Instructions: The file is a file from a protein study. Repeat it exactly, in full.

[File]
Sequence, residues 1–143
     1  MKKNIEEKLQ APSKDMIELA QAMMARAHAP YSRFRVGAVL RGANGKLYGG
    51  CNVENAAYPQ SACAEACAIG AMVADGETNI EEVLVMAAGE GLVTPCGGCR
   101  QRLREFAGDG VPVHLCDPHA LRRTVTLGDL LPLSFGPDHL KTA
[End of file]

Sequence, residues 1–143
     1  MKKNIEEKLQ APSKDMIELA QAMMARAHAP YSRFRVGAVL RGANGKLYGG
    51  CNVENAAYPQ SACAEACAIG AMVADGETNI EEVLVMAAGE GLVTPCGGCR
   101  QRLREFAGDG VPVHLCDPHA LRRTVTLGDL LPLSFGPDHL KTA